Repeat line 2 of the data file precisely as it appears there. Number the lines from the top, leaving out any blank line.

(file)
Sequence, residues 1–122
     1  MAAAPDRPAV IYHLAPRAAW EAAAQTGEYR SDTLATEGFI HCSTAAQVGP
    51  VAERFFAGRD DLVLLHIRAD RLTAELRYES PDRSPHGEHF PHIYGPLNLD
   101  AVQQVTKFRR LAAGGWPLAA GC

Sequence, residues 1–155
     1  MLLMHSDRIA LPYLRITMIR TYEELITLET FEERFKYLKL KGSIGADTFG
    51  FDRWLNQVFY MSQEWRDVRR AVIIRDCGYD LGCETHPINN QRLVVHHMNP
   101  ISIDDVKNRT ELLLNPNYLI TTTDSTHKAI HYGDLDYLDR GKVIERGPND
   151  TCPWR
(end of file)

     1  MAAAPDRPAV IYHLAPRAAW EAAAQTGEYR SDTLATEGFI HCSTAAQVGP